Disappointing to some will be the selection of items included as well. The ones named above are, for the most part, it. No Hammer Bros. suits, no Frog Suits, and most tragic of all, not even the Penguin Suit from New Super Mario Bros. Wii and New Super Mario Bros. U is anywhere to be found. In fact, it’s curious/amusing that New Super Mario Bros. U‘s signature flying power-up, the Super Acorn that transforms Mario into Flying Squirrel Mario, is absent from that style as well.
One other small bother is that you can’t mix styles. Enjoy the sunken Ghost Ship from Super Mario World? Too bad; while you can put ghosts anywhere, you can only have a Ghost House, and Airship, or a water level — no combination of any two (much less three), shy of making a sub-level adhere to one type or the other. Also, no night scenes — just throwing that in there, because you know I love a good Mario level set at times of day outside of bright blue-sky daytime.
The aforementioned Day 1 update addressed one of my more major grievances with the game, that being how long it takes to unlock everything. Without cheating the Wii U’s internal clock, it would take nine days to unlock all the course elements — and as I found out in the pre-release version, you have to set down a certain number of tiles in the editor to even trigger it. Now, however, you can unlock everything within a matter of hours, as placing tiles will not only trigger an early delivery, but continuing to do so will activate the next delivery without having to wait an extra day. Very convenient!
In addition to some bug fixes, a more recent update addressed another major grievance: checkpoint flags. Most Super Mario Maker courses are designed to be relatively short, but some creators have done impressive things with the tools available and created absolutely massive levels that can be discouraging to retread after getting so far and then dying. Now checkpoint flags can be placed throughout the levels (one per sub area) to make the longer treks a bit easier. Plus, it also added item “stacking,” so that having one form of Mario will allow an item block to spawn a different item, thus allowing more flexibility with item placement in line with the main series.
These are small things overall, yet can make a big difference in one’s enjoyment of the game.
Super Mario Maker is a much more fun experience than I imagined when I first heard about it a couple of years ago, and it’s great for aspiring game designers and folks who don’t want to wait until Nintendo’s next big official Super Mario Bros. release to play some new Mario levels. In fact, if you so choose, you can outright ignore the level creation aspect of the title and simply play levels created by others to your heart’s desire. Just the same, the tools are fun and intuitive enough to use that simply messing around with the editor is enjoyable enough in its own right to allow someone who has never even considered game design before to try their hand.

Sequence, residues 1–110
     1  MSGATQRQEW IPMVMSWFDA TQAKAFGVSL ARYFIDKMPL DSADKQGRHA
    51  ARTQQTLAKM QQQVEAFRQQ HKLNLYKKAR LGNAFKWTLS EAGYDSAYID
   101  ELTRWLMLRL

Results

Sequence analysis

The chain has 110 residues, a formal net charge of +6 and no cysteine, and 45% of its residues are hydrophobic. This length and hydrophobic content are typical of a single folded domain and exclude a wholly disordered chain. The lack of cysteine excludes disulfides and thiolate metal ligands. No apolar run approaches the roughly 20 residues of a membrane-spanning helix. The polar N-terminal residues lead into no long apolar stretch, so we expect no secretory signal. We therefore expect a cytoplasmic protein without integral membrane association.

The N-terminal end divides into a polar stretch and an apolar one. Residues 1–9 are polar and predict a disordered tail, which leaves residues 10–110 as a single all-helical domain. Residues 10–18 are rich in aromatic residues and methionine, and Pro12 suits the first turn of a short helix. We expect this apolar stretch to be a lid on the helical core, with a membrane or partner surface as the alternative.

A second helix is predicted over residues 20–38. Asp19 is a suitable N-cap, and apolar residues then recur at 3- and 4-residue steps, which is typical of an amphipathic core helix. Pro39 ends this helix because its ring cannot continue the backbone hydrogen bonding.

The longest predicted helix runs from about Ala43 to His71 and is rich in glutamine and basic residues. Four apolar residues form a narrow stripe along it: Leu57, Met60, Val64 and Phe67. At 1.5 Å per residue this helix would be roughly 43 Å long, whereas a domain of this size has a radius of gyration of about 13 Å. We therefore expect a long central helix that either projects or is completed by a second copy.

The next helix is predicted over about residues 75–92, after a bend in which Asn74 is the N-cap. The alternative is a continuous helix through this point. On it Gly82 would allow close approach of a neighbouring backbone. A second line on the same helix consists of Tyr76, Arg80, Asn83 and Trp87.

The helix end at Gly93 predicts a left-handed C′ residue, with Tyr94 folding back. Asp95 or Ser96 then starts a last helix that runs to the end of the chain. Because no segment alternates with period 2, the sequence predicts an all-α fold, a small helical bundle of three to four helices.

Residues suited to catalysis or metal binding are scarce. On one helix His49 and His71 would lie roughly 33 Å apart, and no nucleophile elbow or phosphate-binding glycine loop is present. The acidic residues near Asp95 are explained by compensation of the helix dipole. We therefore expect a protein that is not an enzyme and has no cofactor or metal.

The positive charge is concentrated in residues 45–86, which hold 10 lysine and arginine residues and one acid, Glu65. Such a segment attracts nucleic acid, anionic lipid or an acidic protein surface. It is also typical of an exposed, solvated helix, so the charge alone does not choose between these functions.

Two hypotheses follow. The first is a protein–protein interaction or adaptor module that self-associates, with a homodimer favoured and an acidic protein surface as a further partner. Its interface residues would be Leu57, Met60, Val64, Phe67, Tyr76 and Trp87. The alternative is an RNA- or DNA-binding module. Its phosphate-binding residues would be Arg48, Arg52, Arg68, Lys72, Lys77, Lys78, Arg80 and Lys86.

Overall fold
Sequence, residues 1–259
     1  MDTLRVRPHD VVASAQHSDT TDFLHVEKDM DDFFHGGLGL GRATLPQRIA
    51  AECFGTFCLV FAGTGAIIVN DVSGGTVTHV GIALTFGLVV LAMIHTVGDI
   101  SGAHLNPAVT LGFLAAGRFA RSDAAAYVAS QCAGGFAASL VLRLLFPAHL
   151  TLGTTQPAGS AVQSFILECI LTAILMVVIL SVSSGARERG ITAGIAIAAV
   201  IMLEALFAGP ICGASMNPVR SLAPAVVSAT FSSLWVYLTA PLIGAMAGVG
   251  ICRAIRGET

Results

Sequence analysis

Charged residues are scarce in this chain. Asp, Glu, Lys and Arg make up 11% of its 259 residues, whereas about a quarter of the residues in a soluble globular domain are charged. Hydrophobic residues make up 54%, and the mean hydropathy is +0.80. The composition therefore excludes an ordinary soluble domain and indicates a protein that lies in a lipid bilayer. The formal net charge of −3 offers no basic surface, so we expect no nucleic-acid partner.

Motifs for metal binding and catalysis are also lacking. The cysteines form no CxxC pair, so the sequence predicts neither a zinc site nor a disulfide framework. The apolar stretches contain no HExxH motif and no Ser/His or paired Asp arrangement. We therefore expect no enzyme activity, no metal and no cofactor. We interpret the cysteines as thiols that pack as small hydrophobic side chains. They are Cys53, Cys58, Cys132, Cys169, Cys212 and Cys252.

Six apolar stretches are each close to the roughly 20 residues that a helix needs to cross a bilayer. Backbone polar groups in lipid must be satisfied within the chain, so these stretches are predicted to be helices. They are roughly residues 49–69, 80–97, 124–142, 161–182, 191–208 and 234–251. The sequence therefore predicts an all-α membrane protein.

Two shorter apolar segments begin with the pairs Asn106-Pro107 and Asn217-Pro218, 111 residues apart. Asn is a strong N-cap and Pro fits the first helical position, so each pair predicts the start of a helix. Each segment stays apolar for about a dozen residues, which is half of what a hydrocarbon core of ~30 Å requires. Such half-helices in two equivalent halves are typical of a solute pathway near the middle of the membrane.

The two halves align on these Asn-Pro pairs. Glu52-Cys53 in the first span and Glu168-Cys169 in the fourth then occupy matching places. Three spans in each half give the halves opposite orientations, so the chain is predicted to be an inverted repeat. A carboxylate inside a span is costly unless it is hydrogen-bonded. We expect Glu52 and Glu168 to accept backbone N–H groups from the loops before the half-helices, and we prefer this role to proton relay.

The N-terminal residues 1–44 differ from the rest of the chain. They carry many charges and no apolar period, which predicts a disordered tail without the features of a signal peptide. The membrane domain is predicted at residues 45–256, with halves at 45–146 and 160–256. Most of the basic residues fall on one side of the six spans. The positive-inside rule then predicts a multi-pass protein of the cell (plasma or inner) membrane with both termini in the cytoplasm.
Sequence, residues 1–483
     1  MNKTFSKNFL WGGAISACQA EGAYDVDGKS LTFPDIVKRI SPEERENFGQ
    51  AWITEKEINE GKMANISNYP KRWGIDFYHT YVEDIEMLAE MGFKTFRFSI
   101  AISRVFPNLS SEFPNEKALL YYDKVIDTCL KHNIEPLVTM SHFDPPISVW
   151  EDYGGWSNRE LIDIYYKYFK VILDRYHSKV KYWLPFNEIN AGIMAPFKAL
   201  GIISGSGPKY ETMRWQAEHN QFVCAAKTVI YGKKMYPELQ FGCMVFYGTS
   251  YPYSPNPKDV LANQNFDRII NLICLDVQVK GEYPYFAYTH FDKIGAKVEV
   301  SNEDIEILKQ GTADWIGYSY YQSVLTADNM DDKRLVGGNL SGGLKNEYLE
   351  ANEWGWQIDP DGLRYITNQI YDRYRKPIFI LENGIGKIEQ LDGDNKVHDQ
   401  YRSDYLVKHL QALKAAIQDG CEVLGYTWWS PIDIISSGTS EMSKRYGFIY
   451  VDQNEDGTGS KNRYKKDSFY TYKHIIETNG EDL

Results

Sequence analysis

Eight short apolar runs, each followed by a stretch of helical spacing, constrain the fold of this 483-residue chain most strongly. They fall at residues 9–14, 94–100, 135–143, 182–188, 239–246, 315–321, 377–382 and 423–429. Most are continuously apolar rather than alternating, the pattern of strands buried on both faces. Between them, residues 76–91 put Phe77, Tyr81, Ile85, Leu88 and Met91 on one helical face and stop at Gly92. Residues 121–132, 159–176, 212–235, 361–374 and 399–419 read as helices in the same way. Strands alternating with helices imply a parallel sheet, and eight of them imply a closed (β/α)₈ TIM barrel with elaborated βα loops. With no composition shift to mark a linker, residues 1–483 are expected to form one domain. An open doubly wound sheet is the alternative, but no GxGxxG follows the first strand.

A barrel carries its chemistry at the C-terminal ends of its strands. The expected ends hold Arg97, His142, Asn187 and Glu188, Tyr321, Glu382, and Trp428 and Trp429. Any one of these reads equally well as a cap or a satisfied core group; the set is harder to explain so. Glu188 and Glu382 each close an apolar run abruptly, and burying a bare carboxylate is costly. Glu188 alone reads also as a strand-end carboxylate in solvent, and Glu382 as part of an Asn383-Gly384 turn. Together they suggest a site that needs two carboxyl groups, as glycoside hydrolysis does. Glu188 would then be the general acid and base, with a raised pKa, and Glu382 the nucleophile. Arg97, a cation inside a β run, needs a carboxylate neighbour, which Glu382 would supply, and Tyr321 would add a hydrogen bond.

Like other Nintendo releases of late, the company is still supplementing the title with new material, including new “Event” levels made by famous game designers and other personalities, some of which give you extra costumes for the “?” Mushrooms when completed. It’s hard to say whether we’ll see anything more drastic, but what we’ve got here is robust enough to satisfy, yet simple and streamlined enough that Nintendo’s designers haven’t put themselves out of a job. Plus, there’s still room for them to iterate with a possible Super Mario Maker sequel somewhere down the line, perhaps for the NX?
On a related note, I managed to recreate two of the courses I made from the review version’s media server, thanks to some careful documentation:
New Beginnings: 9443-0000-00E3-35E0
This was my first course, created with the base assets you start the game with. Made to be a “1-1” sort of level, there are a few little tricks and secrets hidden throughout. Nothing major, but longtime Mario players ought to be able to spot them, and it’s a good place for reclaiming a few lives in the 100 Mario Challenge.
Castle Crash: E6F7-0000-00E3-4314
A later creation, this showdown with Bowser seems to be impossible by all appearances. Perhaps some sort of divine intervention is the key?
I’m not sure when I’ll get around to making more levels, but when/if I do, you can follow me on Twitter to see them as they come. Hopefully I’ll get to spend more time playing with the later tools on the public server.
A review copy was provided by Nintendo of Canada.